Friday, September 18, 2009

Pounding It Out, Day 18

I'm officially hitting the wall now. Still pretty much on pace as of midnight, but will probably fall behind significantly starting today.

I'm past the halfway point, into the hardest part of the book for me, which is taking all the specific threads I've written into the manuscript so far and fitting them into the outline, which has by this point turned into the vaguest of vague allusions ("at some point, he'll kidnap this guy and get some piece of information out of him which will give him the clue to how to do the big climactic thing" when neither point nor guy nor information nor big climax exist even as ideas yet). I had been writing to more or less a decent plot outline, although I invented a lot to fill in. But when I passed halfway, I lost almost all of that.

And in writing the first half, I forgot to introduce several supporting characters on which the second half hinges; having those characters established would make the second half much easier to write. Not to mention that I have become extremely uneasy about the plausibility of the big halfway twist, upon which the entire book depends. So no pressure or anything.

Meanwhile, I just read Richard Stark's Nobody Runs Forever. Okay, this will sound stupid, probably because it is. I have long admired Richard Stark from second-hand, because I'd read about how much Stephen King admired him. Stark was the pseudonym under which Donadl Westlake wrote his series of hard-boiled crime novels starring the thief, Parker. And reading King's description of Stark's writing, it was almost as if I'd read it myself, but I never had. I just imagined what it would be like.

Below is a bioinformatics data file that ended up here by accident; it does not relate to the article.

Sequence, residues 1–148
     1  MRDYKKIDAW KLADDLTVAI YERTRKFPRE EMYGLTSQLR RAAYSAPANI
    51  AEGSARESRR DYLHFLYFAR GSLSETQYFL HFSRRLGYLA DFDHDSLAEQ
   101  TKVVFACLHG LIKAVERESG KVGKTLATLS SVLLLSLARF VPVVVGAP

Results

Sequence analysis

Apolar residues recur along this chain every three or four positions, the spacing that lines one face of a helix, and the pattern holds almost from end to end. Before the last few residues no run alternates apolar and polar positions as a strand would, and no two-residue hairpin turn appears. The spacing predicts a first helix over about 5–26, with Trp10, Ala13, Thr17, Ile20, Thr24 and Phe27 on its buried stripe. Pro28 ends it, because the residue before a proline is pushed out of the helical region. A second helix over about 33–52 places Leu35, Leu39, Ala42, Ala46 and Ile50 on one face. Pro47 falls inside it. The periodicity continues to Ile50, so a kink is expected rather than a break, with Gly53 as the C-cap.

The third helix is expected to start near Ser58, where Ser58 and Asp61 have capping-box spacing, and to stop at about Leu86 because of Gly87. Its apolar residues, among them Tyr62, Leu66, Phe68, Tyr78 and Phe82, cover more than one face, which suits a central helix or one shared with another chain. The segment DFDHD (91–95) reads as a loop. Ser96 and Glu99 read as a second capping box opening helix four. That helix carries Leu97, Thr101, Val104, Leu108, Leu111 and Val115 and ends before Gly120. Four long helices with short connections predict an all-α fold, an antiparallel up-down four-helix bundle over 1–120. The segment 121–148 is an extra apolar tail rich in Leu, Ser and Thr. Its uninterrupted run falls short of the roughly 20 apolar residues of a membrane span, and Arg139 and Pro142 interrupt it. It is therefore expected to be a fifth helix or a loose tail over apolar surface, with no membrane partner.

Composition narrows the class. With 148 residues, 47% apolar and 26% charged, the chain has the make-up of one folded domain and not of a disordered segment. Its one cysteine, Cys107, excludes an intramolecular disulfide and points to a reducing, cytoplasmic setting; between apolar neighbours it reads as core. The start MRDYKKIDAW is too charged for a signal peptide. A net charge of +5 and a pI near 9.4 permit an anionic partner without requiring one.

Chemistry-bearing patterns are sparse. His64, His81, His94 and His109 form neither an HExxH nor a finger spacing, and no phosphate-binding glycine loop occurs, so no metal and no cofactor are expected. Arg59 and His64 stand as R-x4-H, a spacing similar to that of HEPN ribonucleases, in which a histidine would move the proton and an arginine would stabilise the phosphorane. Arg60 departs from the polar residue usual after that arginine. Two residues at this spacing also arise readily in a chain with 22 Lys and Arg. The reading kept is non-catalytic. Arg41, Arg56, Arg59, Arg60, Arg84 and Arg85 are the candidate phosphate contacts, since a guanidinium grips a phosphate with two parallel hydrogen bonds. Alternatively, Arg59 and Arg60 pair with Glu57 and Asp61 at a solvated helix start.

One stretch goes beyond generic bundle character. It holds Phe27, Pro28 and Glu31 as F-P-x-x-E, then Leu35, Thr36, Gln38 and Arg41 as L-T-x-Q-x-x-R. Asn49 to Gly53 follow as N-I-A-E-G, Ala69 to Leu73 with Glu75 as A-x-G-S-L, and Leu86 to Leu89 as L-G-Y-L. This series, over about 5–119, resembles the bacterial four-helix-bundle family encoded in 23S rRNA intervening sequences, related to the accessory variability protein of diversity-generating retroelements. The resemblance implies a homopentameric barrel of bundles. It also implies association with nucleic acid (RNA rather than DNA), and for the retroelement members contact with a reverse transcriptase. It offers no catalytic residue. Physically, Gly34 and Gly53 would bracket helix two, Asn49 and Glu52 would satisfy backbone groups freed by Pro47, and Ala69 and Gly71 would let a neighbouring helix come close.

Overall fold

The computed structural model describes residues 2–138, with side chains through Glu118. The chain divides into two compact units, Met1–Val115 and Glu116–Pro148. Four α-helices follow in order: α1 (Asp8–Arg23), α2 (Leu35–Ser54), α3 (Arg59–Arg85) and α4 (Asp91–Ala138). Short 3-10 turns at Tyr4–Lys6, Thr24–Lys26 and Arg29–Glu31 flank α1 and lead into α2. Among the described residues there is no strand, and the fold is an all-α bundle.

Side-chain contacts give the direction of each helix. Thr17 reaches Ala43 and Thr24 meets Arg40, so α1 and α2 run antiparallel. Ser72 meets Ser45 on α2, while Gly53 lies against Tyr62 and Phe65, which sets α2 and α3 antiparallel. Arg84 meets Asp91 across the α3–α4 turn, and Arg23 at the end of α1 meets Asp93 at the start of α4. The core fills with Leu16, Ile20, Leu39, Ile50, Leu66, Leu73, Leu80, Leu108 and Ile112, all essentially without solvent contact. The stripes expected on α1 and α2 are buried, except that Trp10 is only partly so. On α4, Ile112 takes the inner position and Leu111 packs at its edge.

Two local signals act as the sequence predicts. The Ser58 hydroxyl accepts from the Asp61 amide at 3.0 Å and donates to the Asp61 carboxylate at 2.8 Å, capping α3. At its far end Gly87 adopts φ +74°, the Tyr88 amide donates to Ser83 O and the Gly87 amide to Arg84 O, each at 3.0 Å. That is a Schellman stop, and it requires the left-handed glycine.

So when I started this book, I had Stark as an inspiration, but not the real Stark--the imaginary Stark I'd pictured from King's descriptions. Well, I finally got around to reading one of the Parker novels, and my book is nothing like that. Which isn't necessarily bad. I think what I'm writing may be closer to James M. Cain, whose books I had read before (altough in Reader's Digest condensed versions that my mom had lying around, so some would say I haven't read those, either).

But I will probably take some inspiration from Stark. The writing is very economical, fast-moving, unsentimental. Strangely enough, I've been struggling for years to bring more emotion into my writing, so it's an interesting thought to try to leach it back out.

But it's clear now that I'm going to need some major revisions to make this book work, and it's getting harder to drive on with the weight of those mistakes behind me, knowing htat I need to make changes both big and small to the first half of the book, and those changes will be reflected in the second half of the book, meaning what I write now is sort of doubly irrelevant. Not only will it need to be rewritten on its own merits, but it may need to be fundamentally changed due to changes in the first half. I feel like that dork who starts telling a long, involved joke, then halfway through says, "Wait a minute, I'm telling it wrong. I forgot this big part. Let me start over."

But there's no way I quit now, go back and start making revisions to the first half. Then I'd never get to the end. That way lies madness.

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